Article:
The fight between man and elephant is increasing day by day. Death of men by the elephants is compensated by death of elephants in equal proportions. The man-elephant fight has taken a meaningful dimension during the past decade. Incidents of elephant attacks have increased manifold as never before and this man in the name of industrialization has displaced and destroyed animal kingdom where our forest property existed.
Deforestation and mining:
Man thinks the entire world as his home, ignoring the other animals and creatures which live outside him. The present fight between man and elephant is due to expansion of the human kingdom. Deforestation and mining have dispelled and destroyed natural properties like forests, fountains, hills and animals. No water is now available in jungles and thirsty animals find no other alternatives than trading the mortal path and using human food and water.
Famine has now hit forests with cracking sound of industrialization and dusty environment adding to the woes of animal kingdom. Not many days ago, the news of a wild elephant begging for food to the passerby on the Keonjhar national highway had hit the headlines of Odia newspapers. No situation is worse than the plight of the elephant in the above instance. We have seen human beggars, but an elephant begging for food to passerby and truck owners is a tragic story hardly told.
An elephant is a natural-born owner of the forest and now its forest kingdom is lost and with it its food and water. Elephant’s visit to the paddy-land is fraught with no less grave risk. At times, electrocution kills elephants. Elephants are not enemies of mankind and those were never so, but now they seem to have become aware of actions of mankind and their search for food lands them in populated villages and destruction is the outcome. Elephants kill people, destroy crops and homes. The irony of fate is that the victims of elephant-attack have no role in deforestation or industrialization.
Mine-owners and mine-mafia:
The perpetrators are the mine-owners and mine-mafia who enjoy life at the cost of poor villages who are the victims. The environmentalists easily term the attack of elephants as revenge on mankind. However, innocent people are often the victims of the man-animal fight and the persons killed are rarely those responsible for destruction and deforestation. On one hand, the perpetrator lives in abject luxury, on the other harmless fall prey to elephant-ire. Various precious human lives have been lost in the recent past due to elephant-attack, but only a few thousand rupees as compensation by the government cannot solve the problem.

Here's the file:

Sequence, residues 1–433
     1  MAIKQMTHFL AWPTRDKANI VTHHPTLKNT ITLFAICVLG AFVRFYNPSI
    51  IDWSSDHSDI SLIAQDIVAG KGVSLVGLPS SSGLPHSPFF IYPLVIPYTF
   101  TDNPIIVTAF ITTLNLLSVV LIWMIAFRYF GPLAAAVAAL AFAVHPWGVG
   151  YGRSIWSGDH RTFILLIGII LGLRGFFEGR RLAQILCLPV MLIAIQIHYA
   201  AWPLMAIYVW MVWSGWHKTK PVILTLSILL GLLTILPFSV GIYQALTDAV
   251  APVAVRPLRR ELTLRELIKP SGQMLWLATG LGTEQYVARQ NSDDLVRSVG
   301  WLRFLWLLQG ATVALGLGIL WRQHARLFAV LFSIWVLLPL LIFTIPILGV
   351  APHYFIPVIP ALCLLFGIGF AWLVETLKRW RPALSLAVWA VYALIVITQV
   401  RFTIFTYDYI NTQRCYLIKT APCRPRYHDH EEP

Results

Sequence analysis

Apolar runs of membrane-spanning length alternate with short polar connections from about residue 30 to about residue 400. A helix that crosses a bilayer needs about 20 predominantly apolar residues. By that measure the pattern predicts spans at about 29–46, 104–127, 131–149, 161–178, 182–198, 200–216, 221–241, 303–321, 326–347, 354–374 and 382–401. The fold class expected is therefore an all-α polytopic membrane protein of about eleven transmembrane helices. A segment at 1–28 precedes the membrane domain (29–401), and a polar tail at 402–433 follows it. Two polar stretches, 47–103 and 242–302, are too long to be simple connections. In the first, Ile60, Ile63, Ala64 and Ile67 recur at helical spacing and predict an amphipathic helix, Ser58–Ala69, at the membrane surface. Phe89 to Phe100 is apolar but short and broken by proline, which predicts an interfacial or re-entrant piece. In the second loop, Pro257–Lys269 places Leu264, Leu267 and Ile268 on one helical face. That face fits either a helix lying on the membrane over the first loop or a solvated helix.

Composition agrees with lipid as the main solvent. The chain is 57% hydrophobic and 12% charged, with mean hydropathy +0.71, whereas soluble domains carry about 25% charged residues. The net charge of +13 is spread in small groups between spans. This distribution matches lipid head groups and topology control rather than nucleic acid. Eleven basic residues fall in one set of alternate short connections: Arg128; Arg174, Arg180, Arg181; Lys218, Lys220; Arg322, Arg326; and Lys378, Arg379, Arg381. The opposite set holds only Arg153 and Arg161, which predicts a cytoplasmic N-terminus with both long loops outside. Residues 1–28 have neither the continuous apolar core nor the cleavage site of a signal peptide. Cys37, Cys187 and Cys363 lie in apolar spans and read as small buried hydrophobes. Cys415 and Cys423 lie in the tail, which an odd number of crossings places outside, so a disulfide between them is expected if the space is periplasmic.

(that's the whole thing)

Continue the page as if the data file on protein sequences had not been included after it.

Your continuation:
Government is insensitive to this man-animal confrontation and no permanent solution or planning is in place. Rather, the situation is getting complex day-by-day owing to the mounting greed of wealthy people and political touts to grab the forest lands all-around. Government’s responsibility does not cease with awarding compensation only. Even foresters, doctors, policemen and revenue inspectors have a lion’s share from those compensations for which the victims’ families runs from pillars to post. As per the statistics, the death ratio of man and elephant between 2008-09 to 2013-14 (up to 17th of June 2013) is 334: 346.
The break-up of elephant-death is 29 by hunting, 17 by poisoning, 29 by killing with electrocution, 14 by rail-accident and 70 by disease. The cause of death of the rest of elephants is not known. However, what we gather from the above statistics is that more than pure calamity, killing of elephants by men has been far more in numbers. If 65 elephants died in the natural course, 75 were put to death in the most inhuman manner.
In the past, a more ecological balance existed in the society and ‘live and let live’ was the principle. There was the interdependence between the man and the elephant and both lived and loved their respective abodes and kingdoms. Elephants did not find it necessary to trample a man to death or to tread upon the human habitation and men never encroached upon the food and fodder, the natural habitation and spring or pond-water of elephants.
There was a virtual boundary or a forbidden line between them and none of them transgressed it. The more we get civilized, the more otherworldly and intolerant we become any more trouble we invite for ourselves and the rest.
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